Health care is increasingly data driven. Concurrently, there are concerns that health professionals lack the time and training to guide patients through the growing medical “data jungle.” In the age of big data, ever wider domains of people’s lives are “datafied,” which renders ever more information—at least in principle—usable for health care purposes. Turning data into meaningful information for clinical practice—and deciding what data or information should not be used for this purpose—requires a significant amount of time, resources, and skill. The authors argue that academic medicine should lead the way in navigating the use of complex, highly personal data in clinical practice. To make data actionable for both clinicians and patients, the authors propose that the best way to navigate the interface between patients and providers in the era of data-rich medicine would be the creation of a new profession entirely: health information counselors (HICs). HICs would have broad knowledge of various kinds of health data and data quality evaluation techniques, as well as analytic skills in statistics and data interpretation. Trained also in interpersonal communication, health management, insurance systems, and medico-legal aspects of data privacy, HICs would know enough about clinical medicine to advise on the relevance of any kind of data for prevention, diagnosis, and treatment. The creation of this new specialty would help patients and health care professionals to make more informed choices about how increasing amounts of health data and information can or should inform health care.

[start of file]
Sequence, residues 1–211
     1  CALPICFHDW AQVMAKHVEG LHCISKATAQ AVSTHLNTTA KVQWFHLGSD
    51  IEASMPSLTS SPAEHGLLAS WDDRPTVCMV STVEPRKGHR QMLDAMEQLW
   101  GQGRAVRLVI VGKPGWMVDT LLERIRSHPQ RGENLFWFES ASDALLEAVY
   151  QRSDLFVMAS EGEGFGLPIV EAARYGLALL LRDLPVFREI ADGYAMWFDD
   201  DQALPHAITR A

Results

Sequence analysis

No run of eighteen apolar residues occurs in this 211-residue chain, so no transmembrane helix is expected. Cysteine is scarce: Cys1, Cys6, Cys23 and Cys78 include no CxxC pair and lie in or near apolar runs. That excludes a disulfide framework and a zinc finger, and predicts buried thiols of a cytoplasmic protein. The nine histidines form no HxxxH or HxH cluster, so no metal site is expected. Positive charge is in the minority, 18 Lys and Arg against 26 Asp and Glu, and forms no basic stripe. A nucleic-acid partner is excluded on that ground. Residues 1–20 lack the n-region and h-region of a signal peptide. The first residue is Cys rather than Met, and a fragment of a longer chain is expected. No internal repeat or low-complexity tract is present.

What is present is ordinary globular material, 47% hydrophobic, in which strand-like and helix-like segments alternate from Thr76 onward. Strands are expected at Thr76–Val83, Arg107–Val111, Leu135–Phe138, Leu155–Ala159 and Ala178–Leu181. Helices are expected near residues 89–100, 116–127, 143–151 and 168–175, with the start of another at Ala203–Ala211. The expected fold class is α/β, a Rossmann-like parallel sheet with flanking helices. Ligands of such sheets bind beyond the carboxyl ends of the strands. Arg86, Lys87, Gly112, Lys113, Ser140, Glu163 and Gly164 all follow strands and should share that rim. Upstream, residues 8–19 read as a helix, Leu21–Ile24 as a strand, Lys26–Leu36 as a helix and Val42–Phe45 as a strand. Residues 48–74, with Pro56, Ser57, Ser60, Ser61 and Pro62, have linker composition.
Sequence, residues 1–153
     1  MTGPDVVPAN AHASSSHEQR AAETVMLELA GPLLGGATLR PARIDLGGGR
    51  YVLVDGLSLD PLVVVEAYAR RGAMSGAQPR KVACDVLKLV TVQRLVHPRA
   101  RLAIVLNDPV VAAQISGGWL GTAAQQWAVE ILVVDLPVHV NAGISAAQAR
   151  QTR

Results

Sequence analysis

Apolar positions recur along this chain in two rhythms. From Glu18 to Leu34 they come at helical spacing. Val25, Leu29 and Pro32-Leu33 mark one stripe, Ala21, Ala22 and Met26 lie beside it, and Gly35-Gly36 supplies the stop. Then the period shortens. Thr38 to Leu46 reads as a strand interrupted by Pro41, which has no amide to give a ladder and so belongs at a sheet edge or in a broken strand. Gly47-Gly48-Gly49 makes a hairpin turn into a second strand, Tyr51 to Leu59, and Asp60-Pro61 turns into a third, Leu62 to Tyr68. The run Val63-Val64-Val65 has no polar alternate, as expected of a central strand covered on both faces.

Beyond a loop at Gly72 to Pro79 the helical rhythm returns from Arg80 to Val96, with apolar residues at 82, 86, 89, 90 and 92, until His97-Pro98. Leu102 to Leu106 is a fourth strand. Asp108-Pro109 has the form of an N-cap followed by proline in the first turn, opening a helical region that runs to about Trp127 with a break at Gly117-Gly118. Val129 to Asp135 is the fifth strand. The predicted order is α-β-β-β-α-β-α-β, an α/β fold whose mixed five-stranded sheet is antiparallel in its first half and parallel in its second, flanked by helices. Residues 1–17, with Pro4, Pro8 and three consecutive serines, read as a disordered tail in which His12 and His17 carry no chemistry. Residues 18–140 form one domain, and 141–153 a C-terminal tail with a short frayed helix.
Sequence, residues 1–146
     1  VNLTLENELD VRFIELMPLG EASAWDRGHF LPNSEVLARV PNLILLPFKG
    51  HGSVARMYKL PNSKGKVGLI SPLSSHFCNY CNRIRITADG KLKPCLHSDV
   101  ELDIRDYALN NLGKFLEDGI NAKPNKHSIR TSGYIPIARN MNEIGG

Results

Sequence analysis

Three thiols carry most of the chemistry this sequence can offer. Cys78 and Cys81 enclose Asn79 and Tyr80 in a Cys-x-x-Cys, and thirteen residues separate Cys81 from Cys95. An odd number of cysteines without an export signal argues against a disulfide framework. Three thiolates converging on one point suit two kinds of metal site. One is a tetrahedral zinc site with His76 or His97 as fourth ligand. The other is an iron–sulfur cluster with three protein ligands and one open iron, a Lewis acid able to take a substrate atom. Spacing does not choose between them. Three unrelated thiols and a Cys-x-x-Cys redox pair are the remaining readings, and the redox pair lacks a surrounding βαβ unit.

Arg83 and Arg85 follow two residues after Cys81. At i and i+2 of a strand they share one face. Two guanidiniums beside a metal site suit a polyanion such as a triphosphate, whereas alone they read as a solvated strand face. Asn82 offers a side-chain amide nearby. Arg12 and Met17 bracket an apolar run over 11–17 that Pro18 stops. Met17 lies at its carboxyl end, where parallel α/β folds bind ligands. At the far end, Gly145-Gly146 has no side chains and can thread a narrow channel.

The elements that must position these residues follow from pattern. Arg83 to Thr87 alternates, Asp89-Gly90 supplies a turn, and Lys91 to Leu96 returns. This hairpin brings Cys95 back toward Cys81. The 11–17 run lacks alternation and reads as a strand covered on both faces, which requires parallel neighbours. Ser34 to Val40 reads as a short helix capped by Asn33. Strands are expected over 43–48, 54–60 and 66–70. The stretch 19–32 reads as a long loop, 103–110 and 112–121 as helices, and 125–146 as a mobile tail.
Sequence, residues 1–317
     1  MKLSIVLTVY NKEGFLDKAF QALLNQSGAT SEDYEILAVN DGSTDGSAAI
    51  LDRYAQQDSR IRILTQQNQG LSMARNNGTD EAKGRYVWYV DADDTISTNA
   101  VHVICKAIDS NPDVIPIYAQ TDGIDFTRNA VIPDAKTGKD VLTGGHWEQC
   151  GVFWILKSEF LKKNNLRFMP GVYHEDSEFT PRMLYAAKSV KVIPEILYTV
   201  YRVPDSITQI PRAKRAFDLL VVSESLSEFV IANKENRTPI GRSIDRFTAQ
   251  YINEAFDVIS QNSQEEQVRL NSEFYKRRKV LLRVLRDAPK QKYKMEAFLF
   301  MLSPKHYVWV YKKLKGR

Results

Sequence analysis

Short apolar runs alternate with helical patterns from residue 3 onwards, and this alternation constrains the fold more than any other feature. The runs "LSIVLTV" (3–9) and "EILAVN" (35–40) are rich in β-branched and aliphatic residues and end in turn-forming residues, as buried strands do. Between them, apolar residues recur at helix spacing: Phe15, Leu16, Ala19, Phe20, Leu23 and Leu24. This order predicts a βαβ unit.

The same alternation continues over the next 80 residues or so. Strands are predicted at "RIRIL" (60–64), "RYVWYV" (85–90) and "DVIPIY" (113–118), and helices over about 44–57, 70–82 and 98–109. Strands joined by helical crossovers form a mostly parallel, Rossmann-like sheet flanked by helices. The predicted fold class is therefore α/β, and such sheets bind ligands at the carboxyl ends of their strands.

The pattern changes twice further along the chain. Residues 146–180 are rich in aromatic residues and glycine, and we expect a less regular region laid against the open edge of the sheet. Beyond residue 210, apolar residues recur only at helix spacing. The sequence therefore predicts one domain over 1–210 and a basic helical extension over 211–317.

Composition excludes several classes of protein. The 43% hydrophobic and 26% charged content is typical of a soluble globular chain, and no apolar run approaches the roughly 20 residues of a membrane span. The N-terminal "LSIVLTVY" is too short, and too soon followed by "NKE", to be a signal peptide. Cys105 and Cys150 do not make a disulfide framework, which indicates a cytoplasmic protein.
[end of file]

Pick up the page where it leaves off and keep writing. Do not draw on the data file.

Academic Medicine: January 2019 – Volume 94 – Issue 1 – p 37–41